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Lessons in leadership

Are we not so alarmed by the hidden motives of those who are presently running for power?

Reflection for the 29th Sunday in Ordinary Time (Cycle B)

Today’s readings offer thought-provoking lessons into true and authentic leadership. And what message would be more important in the light of our forthcoming elections in the Philippines?

Our Lord himself asserts, “You know that those who are recognized as rulers [over the Gentiles] lord it over them, and their great ones make their authority over them felt … whoever wishes to be great among you will be your servant; whoever wishes to be first among you will be the slave of all. For the Son of Man did not come to be served, but to serve and to give his life as a ransom for many.”

Hence, our first lesson: Leaders are essentially servants expected to minister to their subjects with their lives as the price to pay for liberation and development.



On the other hand, our Lord warns, “The cup that I drink, you will drink, and with the baptism with which I am baptized, you will be baptized; but to sit at my right or at my left is not mine to give but is for those for whom it has been prepared.”

Hence, our second lesson: Leaders are also expected when they do respond to this call of service through leadership, not to anticipate nor to actively strive for personal credit or rewards, their only prize being the lasting peace that is ultimately attained through their initiative and inspiration of the efforts of all.

How now must we undertake an appropriate process of identifying and developing leaders?

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First, it is fundamentally necessary for leaders to be naturally empathic and compassionate, having a complete appreciation of the dignity of the “different other.” An awareness and eventual concern for the lack of opportunities for this “other,” leads to a disturbing realization of one’s excesses, which leads further to an uncompromising temperance.

Second, leaders now conscious of the human condition, and highly motivated of the need to bring “others” to goals and ends that will correct inadequacies and provide benefits for all, will articulate a vision and develop a mission to accomplish it. All authentic leaders are almost always yearning for a future of sustainable harmony and peace.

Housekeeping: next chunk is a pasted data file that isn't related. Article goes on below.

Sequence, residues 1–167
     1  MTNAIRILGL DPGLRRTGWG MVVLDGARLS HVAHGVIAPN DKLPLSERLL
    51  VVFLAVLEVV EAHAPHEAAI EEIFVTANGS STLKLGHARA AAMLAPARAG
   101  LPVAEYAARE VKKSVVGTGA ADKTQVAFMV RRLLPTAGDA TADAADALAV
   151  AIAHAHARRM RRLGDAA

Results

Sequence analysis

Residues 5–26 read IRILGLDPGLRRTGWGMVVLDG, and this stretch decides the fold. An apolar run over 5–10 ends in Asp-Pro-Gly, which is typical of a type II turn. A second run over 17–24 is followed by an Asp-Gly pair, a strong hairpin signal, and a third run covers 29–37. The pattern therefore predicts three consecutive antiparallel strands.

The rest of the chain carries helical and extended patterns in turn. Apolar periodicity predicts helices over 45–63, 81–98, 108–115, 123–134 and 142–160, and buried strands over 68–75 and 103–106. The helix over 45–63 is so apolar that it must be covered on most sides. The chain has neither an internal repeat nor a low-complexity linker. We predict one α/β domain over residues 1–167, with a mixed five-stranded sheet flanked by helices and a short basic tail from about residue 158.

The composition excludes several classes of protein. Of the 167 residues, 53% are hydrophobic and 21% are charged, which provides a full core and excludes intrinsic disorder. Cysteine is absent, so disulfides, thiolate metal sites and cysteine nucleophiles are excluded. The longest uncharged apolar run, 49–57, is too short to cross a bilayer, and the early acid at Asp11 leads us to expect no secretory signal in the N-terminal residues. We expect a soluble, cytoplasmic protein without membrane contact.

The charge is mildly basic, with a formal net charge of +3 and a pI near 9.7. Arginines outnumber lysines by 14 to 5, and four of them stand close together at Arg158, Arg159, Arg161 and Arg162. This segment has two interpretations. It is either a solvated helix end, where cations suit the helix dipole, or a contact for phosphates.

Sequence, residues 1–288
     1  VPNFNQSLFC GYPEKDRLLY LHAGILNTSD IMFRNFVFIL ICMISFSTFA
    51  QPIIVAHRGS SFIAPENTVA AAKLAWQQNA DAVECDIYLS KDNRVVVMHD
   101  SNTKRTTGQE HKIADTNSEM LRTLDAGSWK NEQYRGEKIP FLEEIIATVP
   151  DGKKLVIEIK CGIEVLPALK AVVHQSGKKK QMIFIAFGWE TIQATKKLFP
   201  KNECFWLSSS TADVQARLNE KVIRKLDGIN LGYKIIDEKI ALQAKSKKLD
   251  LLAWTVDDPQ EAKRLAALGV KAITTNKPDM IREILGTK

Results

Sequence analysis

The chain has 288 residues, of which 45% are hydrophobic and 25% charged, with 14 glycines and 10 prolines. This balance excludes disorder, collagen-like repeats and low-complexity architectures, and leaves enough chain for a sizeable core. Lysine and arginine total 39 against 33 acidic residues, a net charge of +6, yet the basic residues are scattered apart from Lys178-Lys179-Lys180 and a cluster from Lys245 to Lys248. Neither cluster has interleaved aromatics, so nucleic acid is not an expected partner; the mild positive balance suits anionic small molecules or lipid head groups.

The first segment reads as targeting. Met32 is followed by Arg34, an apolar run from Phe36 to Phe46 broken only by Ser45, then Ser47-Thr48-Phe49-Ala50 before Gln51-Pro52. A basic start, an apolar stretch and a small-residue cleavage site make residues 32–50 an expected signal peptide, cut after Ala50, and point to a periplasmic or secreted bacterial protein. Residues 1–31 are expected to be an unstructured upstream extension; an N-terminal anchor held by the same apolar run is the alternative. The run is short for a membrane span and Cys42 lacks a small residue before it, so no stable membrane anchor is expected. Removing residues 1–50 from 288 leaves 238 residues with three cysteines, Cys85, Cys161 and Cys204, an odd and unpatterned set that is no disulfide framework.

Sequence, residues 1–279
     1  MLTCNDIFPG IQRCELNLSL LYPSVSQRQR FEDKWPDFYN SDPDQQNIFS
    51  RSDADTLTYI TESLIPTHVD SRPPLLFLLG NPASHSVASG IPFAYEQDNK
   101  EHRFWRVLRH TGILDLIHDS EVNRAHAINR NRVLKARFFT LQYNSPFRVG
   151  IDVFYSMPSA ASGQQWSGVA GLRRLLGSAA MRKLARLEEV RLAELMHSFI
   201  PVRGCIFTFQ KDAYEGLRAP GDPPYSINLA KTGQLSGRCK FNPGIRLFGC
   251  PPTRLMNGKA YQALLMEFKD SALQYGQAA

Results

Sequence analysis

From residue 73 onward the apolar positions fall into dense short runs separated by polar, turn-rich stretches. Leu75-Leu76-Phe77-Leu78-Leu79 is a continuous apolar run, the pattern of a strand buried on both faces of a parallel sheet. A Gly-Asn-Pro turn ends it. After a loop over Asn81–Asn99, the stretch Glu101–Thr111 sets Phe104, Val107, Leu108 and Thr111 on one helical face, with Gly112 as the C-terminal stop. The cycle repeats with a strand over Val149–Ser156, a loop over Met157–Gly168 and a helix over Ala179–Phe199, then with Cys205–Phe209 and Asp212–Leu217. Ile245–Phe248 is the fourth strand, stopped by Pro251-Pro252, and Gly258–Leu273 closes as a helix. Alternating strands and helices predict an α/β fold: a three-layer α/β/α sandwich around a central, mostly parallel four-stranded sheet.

Third, leaders then commit themselves to bearing the shortcomings that tend to injustice, reforming people and structures to conditions of justice that will yield a stable prosperity. Leaders must be capable and tenacious in seeking to help everyone transcend their own petty selfishness, so that they all become mutually responsible for one another, carrying the burden and task of simple sharing.

Fourth, leaders must learn never to presume they can always lord it over “others,” consistently mindful that they are themselves weak, and needing of correction as “others” are. Leaders must remember they are essentially servants expected to guide and empower their subjects: “The best leaders are those the people hardly know exist.

The next best is a leader who is loved and praised. Next comes the one who is feared. The worst one is the leader that is despised.” Leaders are so detached such that when all has been accomplished, they can exclaim, “Amazing, we did it all by ourselves!” (Lao Tzu, Tao Te Ching, 17)

Fifth, leaders must practice being prayerful, always having recourse to the Spirit, mastering compassion, moderation and humility from the Master who is merciful, unpretentious and down-to-earth. Leaders therefore hold in high regard all those who are trying their best to follow the path of he who is the Way, the Truth and the Life.

Hence, untrue leaders are those who cannot or will not be driven towards the bitter obligation of placing the common good above all other intentions including their own, though they may in all sincerity, would want to serve “others.” We start to lose potentially good leaders when they begin thinking they are “deserving” of the power bestowed upon and entrusted to them only as a privilege, a power that can just as easily and must be taken away from them, when necessary.

We will all eventually fail when we in turn, start believing their unjust claims to the same power. Almost all aspiring leaders “do not know what they are asking,” and must be forewarned not to enter into this vocation because of the glory that comes with it, but only because of the duty as citizens of “heaven on earth” to ensure its coming and continuity.

The Christ seems to imply that leaders must always be prepared to die, even if such sacrifices will go unrecognized or be barely remembered. With these admonitions, it is then difficult to think who in their right minds would now wish to move forward upon the selfless path of leadership. Are we not so alarmed by the hidden motives of those who are presently running for power? And if we are bothered by a perceived impurity of intentions, is it because we are secretly jealous and desiring of power ourselves?

Brother Jess Matias is a professed brother of the Secular Franciscan Order. He serves as minister of the St. Pio of Pietrelcina Fraternity at St. Francis of Assisi Parish in Mandaluyong City, coordinator of the Padre Pio Prayer Groups of the Capuchins in the Philippines and prison counselor and catechist for the Bureau of Jail Management and Penology.

The views expressed in this article are the opinions of the author and do not necessarily reflect the editorial stance of LiCAS.news.

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